The election victory of pro-independence parties in the Scottish Parliament elections has reopened the debate.
Allegro Funds is pleased to announce the appointment of Christine Holgate as future group chief executive officer of Global Express.
Holgate will lead the transformation strategy for the growing parcels and logistics organisation upon Allegro completing its acquisition from the owner, Japan Post.
“I am honoured to be joining the Global Express team. I believe strongly in the potential of the business and have great respect for both the employees of Global Express and Allegro,” Holgate said.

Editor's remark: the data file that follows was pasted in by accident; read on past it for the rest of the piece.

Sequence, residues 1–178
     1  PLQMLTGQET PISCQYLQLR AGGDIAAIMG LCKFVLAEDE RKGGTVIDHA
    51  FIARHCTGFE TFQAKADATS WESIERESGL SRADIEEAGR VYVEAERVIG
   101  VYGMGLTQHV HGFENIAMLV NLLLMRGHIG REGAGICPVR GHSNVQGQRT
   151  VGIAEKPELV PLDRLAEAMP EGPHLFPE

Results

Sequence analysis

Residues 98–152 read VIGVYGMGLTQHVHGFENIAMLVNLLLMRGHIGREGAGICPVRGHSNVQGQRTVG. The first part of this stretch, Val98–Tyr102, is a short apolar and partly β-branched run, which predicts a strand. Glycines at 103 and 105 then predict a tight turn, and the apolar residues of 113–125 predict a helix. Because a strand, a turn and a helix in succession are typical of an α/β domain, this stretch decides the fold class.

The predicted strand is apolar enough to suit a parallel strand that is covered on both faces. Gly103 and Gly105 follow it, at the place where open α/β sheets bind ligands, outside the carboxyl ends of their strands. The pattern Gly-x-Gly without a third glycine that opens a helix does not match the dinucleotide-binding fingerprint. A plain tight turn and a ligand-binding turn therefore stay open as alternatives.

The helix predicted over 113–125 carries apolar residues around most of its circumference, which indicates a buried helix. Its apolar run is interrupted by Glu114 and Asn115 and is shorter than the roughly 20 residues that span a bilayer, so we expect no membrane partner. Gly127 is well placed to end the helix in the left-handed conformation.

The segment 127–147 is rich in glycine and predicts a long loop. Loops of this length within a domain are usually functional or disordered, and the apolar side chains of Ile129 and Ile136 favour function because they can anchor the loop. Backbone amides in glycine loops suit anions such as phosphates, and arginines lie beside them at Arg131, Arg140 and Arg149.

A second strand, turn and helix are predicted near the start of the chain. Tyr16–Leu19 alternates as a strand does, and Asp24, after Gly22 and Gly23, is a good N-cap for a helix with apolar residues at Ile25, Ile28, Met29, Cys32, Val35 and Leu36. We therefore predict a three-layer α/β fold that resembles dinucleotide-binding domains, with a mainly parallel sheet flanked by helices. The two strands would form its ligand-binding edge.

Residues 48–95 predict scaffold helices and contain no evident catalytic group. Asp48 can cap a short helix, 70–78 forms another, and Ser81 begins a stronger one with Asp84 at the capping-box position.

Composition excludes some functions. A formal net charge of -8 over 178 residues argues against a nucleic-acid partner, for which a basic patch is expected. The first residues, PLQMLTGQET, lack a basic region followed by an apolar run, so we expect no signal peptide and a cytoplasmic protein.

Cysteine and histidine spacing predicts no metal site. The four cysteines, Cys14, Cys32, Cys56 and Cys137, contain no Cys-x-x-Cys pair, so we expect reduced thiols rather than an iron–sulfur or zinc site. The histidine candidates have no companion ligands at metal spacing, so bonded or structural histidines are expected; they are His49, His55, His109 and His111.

“In recent times Global Express has faced challenges and there is lots of hard work ahead of us. However, the combination of new funding, a focused local leadership team, a strong position in growing markets and the turnaround expertise of Allegro, will ensure the business is successful.
“As the world emerges from Covid, it is critical that we build more resilience in our logistics networks across Australia and New Zealand. E-commerce in Australia still trails comparable countries at around 15% of sales. The retail sector’s future success will depend greatly on Global Express providing the competitive delivery service necessary to underpin expansion,” she said.